Global Warming? How About Global Wetting

The wet weather records set in March of 2008 have me thinking at least as much about global wetting as about global warming:

  • Record or near record precipitation occurred in a swath from eastern Texas into the Ohio Valley and Interior Northeast. Record flooding occurred in many locations.
  • Dallas had its wettest March since 1977 (8.42 inches) and 2nd wettest in nearly 50 years.
  • St. Louis had its wettest March (6.84 inches) since 1961.
  • Cincinnati had its wettest March (9.81 inches) since 1993 and 3rd wettest since 1961.

[via Planalytics]

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Comments

  1. Russell Lee says:

    OK folks let me clear-up this global warming stuff. I have been working on wind generator technology for over 20 years and studying weather is a big part. For one thing global warming is grossly miss labeled it should be called atmosphere acceleration. This is what I’ve been calling it for years. Why call it this because basically two things are happening. One we have put several types of gases in the atmosphere that absorbs solar heat this adds fuel to our weather engine. The other is we have put dust particles in the atmosphere and they reflect solar heat. so what is happening? The weather is a complex engine fueled by the chemicals in the atmosphere, the sun, rotation of the earth, and makeup of the earths surfaces. The weather was designed to have checks and balance. When one of these conditions are changed the weather will become increasing unbalanced causing various extreme weather conditions thus the reason we have sever drought one year and extreme rain fall, tornado’s over sized hail, etc.. Uniformly the echo system of this planet is not very tolerable of these conditions and we suffer. These extreme weather conditions will not stabilize until the instability that caused it is reversed. This has touched everyone on this planet even if you live smug in a city the cost of insurance, energy, and every thing you buy has gone up. so It’s everybody’s problem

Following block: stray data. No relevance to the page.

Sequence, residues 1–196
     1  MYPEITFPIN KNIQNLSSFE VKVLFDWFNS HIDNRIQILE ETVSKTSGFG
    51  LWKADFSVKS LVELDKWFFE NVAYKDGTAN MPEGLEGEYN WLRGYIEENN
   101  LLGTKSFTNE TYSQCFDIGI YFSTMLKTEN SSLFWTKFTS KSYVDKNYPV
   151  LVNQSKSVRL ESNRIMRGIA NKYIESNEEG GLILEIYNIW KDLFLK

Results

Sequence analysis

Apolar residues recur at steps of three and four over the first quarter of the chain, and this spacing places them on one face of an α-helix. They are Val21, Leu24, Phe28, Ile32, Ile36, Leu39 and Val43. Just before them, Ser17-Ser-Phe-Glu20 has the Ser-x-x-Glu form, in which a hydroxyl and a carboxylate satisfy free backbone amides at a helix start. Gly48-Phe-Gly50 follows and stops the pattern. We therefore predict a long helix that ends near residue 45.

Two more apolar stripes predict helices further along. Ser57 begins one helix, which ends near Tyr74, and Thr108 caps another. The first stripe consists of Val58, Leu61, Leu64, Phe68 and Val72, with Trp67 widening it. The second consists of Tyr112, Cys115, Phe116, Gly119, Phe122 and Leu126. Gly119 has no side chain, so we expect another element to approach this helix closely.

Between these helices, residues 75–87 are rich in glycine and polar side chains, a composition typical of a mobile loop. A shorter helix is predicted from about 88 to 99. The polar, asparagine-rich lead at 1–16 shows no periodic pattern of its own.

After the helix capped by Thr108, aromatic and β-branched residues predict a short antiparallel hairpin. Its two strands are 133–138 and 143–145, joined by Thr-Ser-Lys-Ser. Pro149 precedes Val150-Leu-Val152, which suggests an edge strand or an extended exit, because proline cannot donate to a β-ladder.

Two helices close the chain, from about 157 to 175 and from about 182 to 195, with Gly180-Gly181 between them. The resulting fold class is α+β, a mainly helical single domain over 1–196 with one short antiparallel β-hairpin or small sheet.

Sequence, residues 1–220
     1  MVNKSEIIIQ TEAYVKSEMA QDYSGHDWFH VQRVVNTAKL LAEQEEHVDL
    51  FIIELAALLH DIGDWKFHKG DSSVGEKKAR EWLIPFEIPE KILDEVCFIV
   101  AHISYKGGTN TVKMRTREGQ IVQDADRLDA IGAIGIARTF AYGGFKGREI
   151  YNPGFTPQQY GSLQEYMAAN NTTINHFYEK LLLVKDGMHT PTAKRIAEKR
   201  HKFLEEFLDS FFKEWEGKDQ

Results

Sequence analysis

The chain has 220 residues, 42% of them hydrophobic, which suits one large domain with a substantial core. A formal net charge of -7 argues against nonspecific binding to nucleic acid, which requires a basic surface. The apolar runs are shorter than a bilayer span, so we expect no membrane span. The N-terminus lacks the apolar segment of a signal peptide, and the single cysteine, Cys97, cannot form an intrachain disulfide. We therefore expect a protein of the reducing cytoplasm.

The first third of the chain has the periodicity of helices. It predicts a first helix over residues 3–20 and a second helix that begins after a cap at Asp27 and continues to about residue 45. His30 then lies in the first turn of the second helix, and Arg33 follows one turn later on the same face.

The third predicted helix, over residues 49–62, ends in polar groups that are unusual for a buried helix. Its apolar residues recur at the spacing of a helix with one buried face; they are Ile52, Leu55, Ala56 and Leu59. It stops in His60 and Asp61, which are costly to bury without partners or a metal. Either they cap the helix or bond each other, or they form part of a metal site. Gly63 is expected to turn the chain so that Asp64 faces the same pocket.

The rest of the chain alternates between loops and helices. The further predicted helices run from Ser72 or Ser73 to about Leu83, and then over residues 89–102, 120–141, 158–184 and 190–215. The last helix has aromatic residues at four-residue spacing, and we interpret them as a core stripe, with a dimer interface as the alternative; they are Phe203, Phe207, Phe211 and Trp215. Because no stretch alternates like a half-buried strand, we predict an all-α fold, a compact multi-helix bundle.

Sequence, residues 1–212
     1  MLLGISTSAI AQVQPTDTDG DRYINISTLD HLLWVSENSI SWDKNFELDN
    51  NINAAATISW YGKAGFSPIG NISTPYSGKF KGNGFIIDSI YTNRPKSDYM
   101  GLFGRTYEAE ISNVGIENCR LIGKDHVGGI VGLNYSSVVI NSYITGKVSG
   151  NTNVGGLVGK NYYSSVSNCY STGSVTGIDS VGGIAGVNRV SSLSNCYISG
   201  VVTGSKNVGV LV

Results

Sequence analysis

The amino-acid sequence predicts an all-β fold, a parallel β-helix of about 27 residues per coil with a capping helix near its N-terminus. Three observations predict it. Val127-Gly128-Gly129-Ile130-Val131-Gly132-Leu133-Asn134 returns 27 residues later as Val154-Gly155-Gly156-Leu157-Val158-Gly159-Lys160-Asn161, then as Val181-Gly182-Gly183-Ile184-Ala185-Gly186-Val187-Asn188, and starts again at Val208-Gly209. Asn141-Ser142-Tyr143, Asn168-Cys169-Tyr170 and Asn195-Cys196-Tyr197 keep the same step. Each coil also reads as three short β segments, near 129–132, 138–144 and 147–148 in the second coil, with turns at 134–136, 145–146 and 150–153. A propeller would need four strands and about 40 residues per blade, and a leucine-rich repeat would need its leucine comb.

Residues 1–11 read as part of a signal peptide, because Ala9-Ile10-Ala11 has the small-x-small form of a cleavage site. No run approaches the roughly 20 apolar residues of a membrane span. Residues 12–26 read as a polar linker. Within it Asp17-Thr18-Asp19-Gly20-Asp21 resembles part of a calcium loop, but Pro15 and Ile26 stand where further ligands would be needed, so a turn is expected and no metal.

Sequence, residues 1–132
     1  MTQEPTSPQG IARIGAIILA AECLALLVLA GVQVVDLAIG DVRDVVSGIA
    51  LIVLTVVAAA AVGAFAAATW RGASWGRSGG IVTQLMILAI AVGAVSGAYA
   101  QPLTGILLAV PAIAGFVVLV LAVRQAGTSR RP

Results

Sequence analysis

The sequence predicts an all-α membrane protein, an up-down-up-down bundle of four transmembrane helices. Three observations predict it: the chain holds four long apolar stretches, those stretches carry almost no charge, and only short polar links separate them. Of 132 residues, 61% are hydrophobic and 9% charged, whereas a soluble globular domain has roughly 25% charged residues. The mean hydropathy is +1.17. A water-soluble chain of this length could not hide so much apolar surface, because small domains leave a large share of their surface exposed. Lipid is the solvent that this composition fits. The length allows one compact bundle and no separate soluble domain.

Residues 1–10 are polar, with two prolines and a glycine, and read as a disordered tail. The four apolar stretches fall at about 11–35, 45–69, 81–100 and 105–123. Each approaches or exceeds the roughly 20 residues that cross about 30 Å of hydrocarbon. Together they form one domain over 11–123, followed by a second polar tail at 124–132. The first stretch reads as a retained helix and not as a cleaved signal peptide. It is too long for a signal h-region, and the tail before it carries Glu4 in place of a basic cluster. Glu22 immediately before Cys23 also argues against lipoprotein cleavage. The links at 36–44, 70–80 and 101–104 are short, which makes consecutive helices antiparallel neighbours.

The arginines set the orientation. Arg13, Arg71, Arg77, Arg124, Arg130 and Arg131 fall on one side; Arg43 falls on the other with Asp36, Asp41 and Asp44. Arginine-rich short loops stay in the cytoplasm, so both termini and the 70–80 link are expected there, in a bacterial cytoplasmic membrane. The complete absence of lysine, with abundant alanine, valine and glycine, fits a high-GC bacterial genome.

2. Mark says:

    And yet, North Carolina remains mired in the worst drought of X number of years (it’s been a long while, I just don’t know the right number). Although, it has finally been raining the past few months, so we’re slowly inching our way out of it.

  3. larry says:

    From what I’ve read from the credible mass media/popular science journalism, global warming will result in both wetter and drier areas.
    In any case, global warming or not, the Colorado River basin is going to be drier and drier. And there’s that drought in Georgia. And those are just two prominent US examples covered in recent media. Globally, the problems range from the Jordan River to the water tables in China.

  4. mh497 says:

    The upcoming story of 2008 is going to be global cooling.
    Good thing (for him) Gore got his Nobel last year.

  5. Scott Berry says:

    My advice: short California farms.
    The interior valleys of California are forecast to be one of the worst casualties of the “drying out”. Meanwhile, all that water is apparently moving to my (now nearly underwater) property in the Northeast, which has seen precipitation directly track the rise in global warming headlines.

  6. Frymaster says:

    I twittered PK when he posted this that this these central storms are about water temps, not air temps. Check out these stats that compare average to current readings in the Gulf of Mexico. (Note that the places Paul sites are in the track where Gulf moisture gets sucked up along slowly moving fronts and dumped on the Miss/OH river valleys.) If the water is warmer, more evaporates into the clouds and the more it rains. The warmer, wetter air increases the gradient between the systems generating the front, so the storms are more violent and productive. I heard that swiss:re was all over US EPA for maps the latest maps of impervious surfaces, ie, new parking lots + bigger storms = more run off = more claims.